I have burped the unit each time I've used it (I know it isn't needed each time you use it, but I was in different elevations each time I've used it so far), and I have twisted it almost all the way it will go. Around the point where it gets really hard to twist is when the details start to show up, as far as I've noticed at least.
 



#4 MalVeauX

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Posted 18 April 2024 - 08:51 PM

Around the point where it gets really hard to twist is when the details start to show up, as far as I've noticed at least.
 

Then your etalon is pre-tuned too far blue shifted for your elevation and its requiring almost all your pressure tuner's pressure to red shift it back on band which results in the banding. You can't fix this. The etalon is too blue shifted to begin with for your elevation. You may want to contact Lunt and see what can be done about it. Ideally you want the etalon to come on band with the least amount of pressure (or tilt) to avoid this and have higher uniformity. This is not due to tilt anywhere in your system typically.

 

Very best,
 



#5 gstrumol

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Posted 18 April 2024 - 10:09 PM

Welcome to CN and the solar forum!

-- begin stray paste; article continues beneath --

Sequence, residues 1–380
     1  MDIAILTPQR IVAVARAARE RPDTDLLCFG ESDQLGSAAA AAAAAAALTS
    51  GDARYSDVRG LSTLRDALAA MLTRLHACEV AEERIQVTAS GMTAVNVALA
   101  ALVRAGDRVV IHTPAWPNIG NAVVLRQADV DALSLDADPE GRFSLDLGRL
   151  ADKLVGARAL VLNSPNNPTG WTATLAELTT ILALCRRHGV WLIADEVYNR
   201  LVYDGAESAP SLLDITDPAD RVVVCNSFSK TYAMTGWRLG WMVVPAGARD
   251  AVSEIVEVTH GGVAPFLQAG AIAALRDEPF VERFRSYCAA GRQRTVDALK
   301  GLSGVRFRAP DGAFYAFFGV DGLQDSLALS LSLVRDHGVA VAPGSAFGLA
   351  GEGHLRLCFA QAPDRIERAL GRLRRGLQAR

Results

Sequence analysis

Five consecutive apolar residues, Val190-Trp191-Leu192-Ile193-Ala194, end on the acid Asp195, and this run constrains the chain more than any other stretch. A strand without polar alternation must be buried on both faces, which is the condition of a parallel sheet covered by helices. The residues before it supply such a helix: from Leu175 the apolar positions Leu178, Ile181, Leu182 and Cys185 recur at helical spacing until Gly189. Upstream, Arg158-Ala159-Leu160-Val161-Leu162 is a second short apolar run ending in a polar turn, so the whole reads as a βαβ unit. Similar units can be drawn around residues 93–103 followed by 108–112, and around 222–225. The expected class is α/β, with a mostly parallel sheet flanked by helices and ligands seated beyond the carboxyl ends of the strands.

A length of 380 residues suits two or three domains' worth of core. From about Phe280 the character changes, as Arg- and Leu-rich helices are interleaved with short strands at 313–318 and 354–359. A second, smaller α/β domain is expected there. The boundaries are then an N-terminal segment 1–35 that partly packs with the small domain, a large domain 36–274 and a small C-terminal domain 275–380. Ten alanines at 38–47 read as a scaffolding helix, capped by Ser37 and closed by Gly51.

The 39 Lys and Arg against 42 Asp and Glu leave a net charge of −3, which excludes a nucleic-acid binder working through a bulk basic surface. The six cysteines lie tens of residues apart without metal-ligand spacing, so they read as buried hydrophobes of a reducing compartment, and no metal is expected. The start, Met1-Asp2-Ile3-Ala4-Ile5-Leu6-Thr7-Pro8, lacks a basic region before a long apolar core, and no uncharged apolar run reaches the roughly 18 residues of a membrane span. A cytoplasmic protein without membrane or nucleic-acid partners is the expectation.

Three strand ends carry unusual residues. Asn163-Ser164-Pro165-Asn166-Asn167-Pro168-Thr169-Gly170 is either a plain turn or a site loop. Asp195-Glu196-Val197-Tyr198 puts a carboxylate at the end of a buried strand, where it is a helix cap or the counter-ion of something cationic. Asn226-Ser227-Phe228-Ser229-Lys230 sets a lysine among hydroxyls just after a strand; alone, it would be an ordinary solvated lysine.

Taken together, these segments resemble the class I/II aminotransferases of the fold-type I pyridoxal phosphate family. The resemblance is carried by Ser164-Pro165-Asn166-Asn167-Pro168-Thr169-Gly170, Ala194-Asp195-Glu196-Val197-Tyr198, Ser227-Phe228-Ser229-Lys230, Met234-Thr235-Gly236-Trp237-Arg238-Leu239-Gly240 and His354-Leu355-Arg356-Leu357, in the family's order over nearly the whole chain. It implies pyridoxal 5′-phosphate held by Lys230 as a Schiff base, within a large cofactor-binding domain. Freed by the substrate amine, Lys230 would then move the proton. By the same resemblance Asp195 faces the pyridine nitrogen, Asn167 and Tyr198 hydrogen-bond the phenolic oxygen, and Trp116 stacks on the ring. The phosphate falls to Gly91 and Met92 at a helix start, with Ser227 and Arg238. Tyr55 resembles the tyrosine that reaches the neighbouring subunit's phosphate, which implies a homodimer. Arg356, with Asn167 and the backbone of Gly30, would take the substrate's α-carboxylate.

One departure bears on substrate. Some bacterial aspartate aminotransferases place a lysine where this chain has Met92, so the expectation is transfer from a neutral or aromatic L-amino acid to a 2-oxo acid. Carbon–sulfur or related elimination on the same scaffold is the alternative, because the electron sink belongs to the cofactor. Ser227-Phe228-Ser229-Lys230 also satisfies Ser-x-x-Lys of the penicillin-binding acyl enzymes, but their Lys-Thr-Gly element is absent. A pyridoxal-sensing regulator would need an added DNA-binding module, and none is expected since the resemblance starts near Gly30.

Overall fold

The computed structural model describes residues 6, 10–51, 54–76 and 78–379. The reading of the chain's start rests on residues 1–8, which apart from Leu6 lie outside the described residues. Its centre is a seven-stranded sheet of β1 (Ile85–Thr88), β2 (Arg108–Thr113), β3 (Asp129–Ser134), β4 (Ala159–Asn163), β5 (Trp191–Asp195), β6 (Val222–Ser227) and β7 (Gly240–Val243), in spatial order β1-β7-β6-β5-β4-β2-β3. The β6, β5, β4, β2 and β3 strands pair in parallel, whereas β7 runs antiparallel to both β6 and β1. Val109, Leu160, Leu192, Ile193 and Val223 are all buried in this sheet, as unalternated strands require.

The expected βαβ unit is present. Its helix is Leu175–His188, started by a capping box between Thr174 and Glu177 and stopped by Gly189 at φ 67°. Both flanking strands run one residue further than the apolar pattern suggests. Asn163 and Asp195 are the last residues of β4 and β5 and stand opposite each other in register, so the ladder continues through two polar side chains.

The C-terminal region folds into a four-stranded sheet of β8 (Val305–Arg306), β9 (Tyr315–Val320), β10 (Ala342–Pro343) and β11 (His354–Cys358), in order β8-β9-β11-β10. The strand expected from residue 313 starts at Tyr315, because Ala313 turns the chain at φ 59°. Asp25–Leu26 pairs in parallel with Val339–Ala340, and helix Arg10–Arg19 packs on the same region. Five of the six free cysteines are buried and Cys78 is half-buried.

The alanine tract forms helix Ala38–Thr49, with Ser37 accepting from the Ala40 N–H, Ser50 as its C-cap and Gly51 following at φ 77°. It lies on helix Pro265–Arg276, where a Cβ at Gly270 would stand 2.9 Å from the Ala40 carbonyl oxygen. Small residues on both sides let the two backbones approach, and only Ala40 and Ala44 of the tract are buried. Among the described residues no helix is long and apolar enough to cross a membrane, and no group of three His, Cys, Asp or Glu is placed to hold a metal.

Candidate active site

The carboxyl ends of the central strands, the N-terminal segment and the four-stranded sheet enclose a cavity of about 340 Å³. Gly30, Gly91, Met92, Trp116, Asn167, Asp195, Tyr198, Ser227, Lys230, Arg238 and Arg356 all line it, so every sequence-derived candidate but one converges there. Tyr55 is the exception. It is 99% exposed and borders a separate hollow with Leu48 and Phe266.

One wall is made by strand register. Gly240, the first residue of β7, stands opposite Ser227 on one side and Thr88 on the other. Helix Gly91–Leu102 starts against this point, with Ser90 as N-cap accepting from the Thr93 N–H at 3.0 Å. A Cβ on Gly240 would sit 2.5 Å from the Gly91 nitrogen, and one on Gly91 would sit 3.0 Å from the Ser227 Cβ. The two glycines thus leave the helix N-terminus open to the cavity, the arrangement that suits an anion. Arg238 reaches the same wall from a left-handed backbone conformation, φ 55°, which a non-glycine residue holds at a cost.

First, some terminology. I believe you are referring to that U-shaped feature at the top of your images? That is a filament, not a prominence, although once it goes over the rim from our viewpoint it is called then a prominence.

 

Looking at your images I'd say they look both off-band and out of focus. I guess the first question is: can you achieve focus with your camera on this scope? I know there are some issues with this scope and the helical focuser, which is why I ask.

 

Then can you see the surface darken as you tighten the tuner? When it reaches max darkness you'll be on band (basically).

 

There is also something called a 'sweet spot' where the detail (once focused and tuned properly) will appear sharpest. You're experiencing it as you let the sun move across the FOV of the camera. You'll need to learn where it is and how to size and position the sun for the best view.



#6 jwestervelt

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Posted 18 April 2024 - 10:38 PM

That's the "Jacquinot spot".  Your etalon has a sweet spot that should be very close to the optical axis.  Sometimes, however, the etalon is not collimated well with your objective and it can be off to the side of the sensor a bit.  In addition, the spot could be too small to adequately fit the image of the sun.  Sometimes the addition of a second etalon (double-stacking) can help mitigate it.


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#7 jwestervelt

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Posted 19 April 2024 - 01:47 AM